Search Results for 'cellist'
19 results found.
CLARA SCHUMANN kept first rate company when it came to musicians - she was married to Robert Schumann and was friends with Johannes Brahms. She was also a superb composer and pianist in own right.
A LUNCHTIME concert from the composer and violist Sebastian Adams, and cellist Yseult Cooper Stockdale, takes place next week in the O'Donoghue Centre for Drama, NUI Galway.
Helen Hancock, a soprano from Oranmore will present a beautiful evening of singing and music in the Augustinian Church, Galway at 8pm on Friday November 9. The concert will also feature her singing teacher, international tenor Owen Gilhooly along with cellist Peter Sébestyén and pianist Ramin Haghjoo.
MARY WEPT at the foot of the cross as her crucified son died; King David was plunged into grief at the death of his son Absalom in battle, while Rachel was left in Ramah to mourn her lost children.
SHE HAS played the piano dangling high from a crane in Sãu Paolo; she has played it while being pulled by a car past the canals of Amsterdam; but never let these distract from the fact that Daria van den Bercken is one of the most outstanding young classical pianists at work today.
Sibéal Ní Chasaide will join The Moy Singers as the special guest for their Christmas concert on Friday, December 1, in the Great National Hotel, Ballina. Mary Ruane Brogan, chairperson of the Moy Singers, said: “We are so honoured and excited to be welcoming such a high profile guest to Ballina for our annual Carols by Candlelight Christmas Concert.”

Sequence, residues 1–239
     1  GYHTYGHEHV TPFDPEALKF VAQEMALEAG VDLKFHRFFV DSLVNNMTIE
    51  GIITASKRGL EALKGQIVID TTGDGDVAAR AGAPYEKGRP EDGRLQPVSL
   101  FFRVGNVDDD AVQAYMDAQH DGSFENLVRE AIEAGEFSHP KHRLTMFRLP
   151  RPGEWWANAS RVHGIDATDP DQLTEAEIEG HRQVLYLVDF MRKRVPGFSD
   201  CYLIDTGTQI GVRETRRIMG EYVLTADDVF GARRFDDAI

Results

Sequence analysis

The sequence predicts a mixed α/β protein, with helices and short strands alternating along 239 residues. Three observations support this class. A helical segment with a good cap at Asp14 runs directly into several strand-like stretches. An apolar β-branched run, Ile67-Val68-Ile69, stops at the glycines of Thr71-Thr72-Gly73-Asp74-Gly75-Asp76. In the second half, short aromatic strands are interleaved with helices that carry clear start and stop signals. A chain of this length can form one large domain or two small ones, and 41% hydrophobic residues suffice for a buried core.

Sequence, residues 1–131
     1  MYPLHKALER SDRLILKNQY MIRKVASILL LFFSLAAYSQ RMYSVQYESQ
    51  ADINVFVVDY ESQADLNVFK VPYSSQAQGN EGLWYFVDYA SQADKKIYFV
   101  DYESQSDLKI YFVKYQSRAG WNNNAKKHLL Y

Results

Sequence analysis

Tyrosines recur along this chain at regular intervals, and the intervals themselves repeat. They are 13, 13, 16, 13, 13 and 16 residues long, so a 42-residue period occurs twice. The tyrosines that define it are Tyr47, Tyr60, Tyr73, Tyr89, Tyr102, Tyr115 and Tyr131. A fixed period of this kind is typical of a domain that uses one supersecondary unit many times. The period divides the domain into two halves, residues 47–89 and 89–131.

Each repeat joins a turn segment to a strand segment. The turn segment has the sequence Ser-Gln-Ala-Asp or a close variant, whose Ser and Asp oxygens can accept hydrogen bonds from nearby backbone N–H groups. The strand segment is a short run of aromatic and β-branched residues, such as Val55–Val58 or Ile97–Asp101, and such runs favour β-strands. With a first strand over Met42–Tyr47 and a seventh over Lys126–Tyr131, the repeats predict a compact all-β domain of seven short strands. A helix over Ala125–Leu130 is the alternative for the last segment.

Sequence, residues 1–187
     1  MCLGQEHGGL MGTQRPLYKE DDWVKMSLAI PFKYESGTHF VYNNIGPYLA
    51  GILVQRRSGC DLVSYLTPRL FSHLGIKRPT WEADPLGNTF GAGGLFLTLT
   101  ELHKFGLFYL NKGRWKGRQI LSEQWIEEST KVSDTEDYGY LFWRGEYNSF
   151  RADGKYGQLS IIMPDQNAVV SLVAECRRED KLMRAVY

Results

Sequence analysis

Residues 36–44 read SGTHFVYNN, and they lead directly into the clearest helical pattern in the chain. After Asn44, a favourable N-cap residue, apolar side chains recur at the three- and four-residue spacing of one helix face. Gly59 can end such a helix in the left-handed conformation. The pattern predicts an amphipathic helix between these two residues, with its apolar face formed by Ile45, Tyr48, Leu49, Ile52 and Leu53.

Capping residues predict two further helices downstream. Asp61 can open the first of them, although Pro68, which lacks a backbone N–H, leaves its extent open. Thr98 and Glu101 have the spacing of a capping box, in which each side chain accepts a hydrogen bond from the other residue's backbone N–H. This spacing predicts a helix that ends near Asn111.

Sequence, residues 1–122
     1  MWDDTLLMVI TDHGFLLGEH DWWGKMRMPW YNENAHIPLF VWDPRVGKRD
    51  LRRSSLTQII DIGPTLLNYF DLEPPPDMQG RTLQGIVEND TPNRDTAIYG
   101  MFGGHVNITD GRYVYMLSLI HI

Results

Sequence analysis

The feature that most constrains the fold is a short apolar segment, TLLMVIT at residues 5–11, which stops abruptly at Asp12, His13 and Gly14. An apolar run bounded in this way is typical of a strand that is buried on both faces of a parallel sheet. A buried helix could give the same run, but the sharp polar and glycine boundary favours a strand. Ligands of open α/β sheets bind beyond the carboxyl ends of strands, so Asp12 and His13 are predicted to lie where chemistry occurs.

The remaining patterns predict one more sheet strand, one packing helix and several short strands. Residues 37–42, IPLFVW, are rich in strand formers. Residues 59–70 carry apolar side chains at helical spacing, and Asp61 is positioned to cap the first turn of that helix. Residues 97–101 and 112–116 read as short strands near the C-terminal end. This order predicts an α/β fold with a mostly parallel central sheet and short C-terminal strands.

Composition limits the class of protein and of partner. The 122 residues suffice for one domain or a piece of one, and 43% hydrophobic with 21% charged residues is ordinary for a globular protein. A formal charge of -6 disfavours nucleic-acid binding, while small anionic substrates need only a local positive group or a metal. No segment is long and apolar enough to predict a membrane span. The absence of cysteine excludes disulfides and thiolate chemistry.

“A CROSS between a DJ, a comedian, and a human sound-sample library," is how The Guardian described Beardyman. It could have also added front-rank improv artist and entertainer to that description.
THEY ARE the "superheroes of the new music world," say the Boston Globe; while the Washington Post call them "the go-to quartet for contemporary music, tying impeccable musicianship to intellectual ferocity and a take-no-prisoners sense of commitment."
"OVERHEAD THE albatross, hangs motionless upon the air, and deep beneath the rolling waves, in labyrinths of coral caves, an echo of a distant time, comes willowing across the sand, and everything is green and submarine."
Sometimes when I think of Galway’s relationship with the sea, I am reminded of the insult that the famous conductor Sir Thomas Beecham uttered to a cellist who had performed poorly. “Madam,” he said, “you have between your legs an instrument capable of giving pleasure to thousands... and all you can do is scratch it.”